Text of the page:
Building the impossible home in the Blackdown Hills
- Credit: Archant
Building your dream home is not without its challenges, as Elizabeth and Stephen Tetlow found out
What would you give to build your dream home?
It’s no mean feat by any stretch of the imagination, but for one couple, creating the room with the view would take seven years to materialise.
Elizabeth and Stephen Tetlow are the personification of patience and determination, and together they achieved something many would not even think possible, building a home in East Devon’s Area of Outstanding Natural Beauty.
What makes Oat Errish Farm unique is its carefully chosen design, it is a curvilinear house, shaped like an ammonite shell, and the timber, steel and stonework material used has been approved as appropriate to the Blackdown Hills.
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The design was enough to meet the strict requirements of Paragraph 55 of the National Planning Policy Framework – legislation focused on new homes in the countryside.
To achieve it, the couple worked closely with East Devon District Council’s planning officers and employed a design company with a track record in similar cases - but most importantly never gave up when the going got tough.
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Elizabeth said: “If you read it [Paragraph 55], you think there is no way we are going to be able to comply with any of that, but actually with a lot of care and research and a lot of help from professionals it is possible.”
The idea formulated in the couple’s minds back in 2011 to build a new home and was the first step of a very long game of snakes and ladders.
Paragraph 55 specifies that properties should not be built unless special circumstances are demonstrated or the proposal was of exceptional quality or an exceptional nature.
Mother-of-three Elizabeth said: “Our old house is at the bottom of a hill, a house at the top of the hill would be better, we would have a lovely view.
“It was the only way we could do it, because we already owned it but we never thought we would be able to.”
The couple, who will celebrate their 40th wedding anniversary this year, searched out architects Sadler Brown. The company sent a team to brainstorm designs before basing it on an ammonite shell, inspired by one sitting on the couple’s kitchen table.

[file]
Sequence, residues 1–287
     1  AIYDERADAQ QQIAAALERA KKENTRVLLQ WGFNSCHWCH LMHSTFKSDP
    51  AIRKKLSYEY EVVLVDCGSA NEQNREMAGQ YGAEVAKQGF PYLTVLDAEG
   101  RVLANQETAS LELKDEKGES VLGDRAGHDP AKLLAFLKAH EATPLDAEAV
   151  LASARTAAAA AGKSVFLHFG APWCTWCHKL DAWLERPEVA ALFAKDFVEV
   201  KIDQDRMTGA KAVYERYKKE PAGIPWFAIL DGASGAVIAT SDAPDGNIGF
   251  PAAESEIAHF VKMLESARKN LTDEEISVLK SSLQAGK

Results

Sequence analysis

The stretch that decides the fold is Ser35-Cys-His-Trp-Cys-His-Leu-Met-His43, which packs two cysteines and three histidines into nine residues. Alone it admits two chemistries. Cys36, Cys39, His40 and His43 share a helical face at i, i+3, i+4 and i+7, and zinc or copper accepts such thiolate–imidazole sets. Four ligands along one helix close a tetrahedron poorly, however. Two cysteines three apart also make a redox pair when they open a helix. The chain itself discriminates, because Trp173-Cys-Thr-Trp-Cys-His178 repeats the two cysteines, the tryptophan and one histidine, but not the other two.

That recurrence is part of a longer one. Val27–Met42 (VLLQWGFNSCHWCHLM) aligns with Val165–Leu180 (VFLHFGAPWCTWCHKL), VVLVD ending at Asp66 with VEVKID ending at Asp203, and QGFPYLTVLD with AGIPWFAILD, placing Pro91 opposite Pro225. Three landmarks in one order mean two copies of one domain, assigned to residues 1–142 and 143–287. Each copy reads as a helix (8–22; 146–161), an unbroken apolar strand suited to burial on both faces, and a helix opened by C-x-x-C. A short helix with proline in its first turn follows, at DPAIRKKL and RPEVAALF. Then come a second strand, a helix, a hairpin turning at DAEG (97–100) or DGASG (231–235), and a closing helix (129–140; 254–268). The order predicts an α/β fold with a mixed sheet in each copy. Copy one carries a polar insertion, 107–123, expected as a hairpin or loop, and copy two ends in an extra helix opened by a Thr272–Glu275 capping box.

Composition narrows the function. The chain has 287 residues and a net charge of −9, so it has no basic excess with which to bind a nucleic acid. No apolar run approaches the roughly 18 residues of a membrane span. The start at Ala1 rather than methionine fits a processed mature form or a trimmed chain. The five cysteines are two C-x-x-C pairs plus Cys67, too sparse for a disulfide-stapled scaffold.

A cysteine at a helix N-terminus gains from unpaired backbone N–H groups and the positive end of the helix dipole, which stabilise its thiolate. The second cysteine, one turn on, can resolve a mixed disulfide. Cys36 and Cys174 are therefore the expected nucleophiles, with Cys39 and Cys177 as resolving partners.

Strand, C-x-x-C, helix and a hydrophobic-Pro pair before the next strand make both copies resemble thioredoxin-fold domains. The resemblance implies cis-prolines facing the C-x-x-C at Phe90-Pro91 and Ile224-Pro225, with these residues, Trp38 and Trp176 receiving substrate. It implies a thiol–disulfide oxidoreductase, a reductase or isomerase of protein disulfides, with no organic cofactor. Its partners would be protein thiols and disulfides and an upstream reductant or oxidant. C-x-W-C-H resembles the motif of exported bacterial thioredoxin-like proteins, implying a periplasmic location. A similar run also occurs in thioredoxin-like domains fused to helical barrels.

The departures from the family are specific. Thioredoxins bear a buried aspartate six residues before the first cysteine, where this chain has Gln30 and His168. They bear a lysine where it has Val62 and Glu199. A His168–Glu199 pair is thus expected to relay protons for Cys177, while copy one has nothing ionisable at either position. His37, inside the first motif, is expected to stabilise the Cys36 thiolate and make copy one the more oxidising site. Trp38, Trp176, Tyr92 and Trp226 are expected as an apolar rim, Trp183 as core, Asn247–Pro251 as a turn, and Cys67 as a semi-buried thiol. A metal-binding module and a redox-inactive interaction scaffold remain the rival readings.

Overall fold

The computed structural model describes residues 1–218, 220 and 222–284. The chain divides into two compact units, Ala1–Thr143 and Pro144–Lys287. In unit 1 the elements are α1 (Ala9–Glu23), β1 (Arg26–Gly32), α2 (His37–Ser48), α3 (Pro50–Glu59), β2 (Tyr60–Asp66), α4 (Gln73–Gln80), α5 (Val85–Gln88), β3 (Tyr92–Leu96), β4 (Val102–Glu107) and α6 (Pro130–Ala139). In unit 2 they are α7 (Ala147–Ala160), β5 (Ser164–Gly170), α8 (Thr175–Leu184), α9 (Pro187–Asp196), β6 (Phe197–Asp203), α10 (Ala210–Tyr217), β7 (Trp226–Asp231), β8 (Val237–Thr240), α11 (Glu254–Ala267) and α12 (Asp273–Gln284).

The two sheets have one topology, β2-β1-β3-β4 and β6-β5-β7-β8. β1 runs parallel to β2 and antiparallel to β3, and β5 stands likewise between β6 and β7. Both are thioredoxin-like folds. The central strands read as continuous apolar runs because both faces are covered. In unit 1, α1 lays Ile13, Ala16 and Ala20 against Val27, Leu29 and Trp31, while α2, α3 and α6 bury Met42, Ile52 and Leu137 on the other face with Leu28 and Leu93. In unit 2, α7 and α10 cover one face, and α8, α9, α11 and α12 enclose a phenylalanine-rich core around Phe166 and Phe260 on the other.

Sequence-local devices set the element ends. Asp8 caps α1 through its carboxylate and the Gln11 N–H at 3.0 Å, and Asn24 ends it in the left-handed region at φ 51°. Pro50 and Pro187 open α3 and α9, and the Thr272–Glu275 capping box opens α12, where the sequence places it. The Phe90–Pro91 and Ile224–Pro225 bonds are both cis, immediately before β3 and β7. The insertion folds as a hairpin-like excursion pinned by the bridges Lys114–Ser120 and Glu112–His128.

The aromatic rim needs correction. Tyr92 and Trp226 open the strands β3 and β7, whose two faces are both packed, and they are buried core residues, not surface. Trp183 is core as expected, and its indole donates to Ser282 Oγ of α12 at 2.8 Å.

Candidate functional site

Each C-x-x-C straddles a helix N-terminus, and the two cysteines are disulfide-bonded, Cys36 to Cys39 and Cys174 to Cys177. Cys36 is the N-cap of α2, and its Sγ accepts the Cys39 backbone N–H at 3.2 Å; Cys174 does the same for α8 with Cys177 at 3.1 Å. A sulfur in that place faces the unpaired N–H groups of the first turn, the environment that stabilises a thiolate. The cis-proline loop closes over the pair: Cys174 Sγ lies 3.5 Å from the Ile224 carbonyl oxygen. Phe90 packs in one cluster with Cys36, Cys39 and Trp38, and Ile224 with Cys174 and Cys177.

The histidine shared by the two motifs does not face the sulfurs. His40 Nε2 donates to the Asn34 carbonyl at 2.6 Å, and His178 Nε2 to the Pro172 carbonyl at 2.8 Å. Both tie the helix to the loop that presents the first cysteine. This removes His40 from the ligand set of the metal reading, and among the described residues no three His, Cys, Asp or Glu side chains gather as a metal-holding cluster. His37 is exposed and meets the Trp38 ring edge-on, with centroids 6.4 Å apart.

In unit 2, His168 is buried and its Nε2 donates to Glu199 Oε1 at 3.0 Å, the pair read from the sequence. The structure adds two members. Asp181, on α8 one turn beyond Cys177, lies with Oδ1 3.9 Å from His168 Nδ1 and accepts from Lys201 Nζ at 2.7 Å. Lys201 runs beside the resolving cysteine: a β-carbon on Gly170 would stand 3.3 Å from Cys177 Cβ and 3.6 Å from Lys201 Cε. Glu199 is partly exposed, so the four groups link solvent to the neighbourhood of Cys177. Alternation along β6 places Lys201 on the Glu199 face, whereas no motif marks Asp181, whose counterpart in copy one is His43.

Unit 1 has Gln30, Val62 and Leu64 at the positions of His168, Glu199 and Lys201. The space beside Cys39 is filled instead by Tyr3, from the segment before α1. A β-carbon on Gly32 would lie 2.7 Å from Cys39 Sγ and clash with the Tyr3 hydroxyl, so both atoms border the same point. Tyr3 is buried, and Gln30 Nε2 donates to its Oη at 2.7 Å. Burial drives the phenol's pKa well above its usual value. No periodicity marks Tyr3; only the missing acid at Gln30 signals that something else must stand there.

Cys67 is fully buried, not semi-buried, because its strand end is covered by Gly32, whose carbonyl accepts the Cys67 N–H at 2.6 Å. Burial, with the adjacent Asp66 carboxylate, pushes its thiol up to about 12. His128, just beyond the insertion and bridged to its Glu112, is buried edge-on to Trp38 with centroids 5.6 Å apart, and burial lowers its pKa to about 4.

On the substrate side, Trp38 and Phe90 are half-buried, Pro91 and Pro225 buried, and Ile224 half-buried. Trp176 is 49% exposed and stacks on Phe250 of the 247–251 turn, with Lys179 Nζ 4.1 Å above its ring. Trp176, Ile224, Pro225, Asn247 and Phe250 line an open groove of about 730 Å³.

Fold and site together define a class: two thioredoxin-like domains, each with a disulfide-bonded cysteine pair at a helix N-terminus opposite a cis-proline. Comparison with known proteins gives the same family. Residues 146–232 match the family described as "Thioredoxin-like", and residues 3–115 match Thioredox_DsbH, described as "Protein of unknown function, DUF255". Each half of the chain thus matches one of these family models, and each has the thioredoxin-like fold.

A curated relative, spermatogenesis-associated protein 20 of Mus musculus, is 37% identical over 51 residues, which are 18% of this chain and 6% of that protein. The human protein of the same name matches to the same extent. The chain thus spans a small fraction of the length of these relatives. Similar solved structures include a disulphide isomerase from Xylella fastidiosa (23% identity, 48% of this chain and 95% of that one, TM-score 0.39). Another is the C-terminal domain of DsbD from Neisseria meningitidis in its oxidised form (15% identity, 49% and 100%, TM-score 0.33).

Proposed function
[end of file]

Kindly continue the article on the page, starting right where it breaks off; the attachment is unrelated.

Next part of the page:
They submitted a pre-application enquiry at the end of 2012, inviting East Devon District Council to meet with them to talk through the design.
Over the next two years the application would go before two review panels to dissect the plans, finding the good and the bad.
The application was then fully submitted and unanimously approved by EDDC’s development management committee in May 2014, but the hard work was not over.
Such a development comes at a cost, with the couple selling their old home to help fund the building works and they were prepared to live in a caravan until works were complete.
Fortune came their way as the buyers of their old house were not living in the UK and were able to rent it back to Elizabeth and Stephen, meaning they could live on site.
Elizabeth, who project managed the development, said: “You do really need someone to be here all the time when your build something like this. There was a lot of communication between all of us because it was very complicated.
“We were prepared to live in a caravan, which we would have had to. It was very exciting, it seemed like it was going very slowly. We lived right here, during the whole time it was being built. We moved in before it was completely finished, when it was liveable.”
Work began in 2015 and though not completely finished inside, the couple are now living in the home they always dreamed of and they are ready to welcome their children and grandchildren over.
It has not come without sacrifices, with Stephen, 64, having to work away from home to ensure the project is finished.
The property has also attracted the eyes of television’s Grand Design team because of its unique story and its no surprise why, with its spacious rooms and, of course, beautiful view over the Blackdown Hills.
Elizabeth, 59, said: “It is a very nice place for the children to play in. It has a big open plan.
“It has not come without sacrifices with Stephen working away in London during the week to help pay for it. We live apart, its not how we want, but we have had too. We wanted somewhere we could fit everyone in. It doesn’t happen very often as the family have grown up and they have gone and done their own thing, so it’s hard to get everyone together. We want to bring them together for occasions across the year, Easter, Christmas.
“I think you have to be extremely patient and do not give up. We had a lot of set backs, there were many points at which we questioned how we could carry on with it.
“You have to be positive. That was when we were trying to get the planning permission. There were many times this is just to difficult, its too expensive. It’s a very expensive process. The budget is never enough.”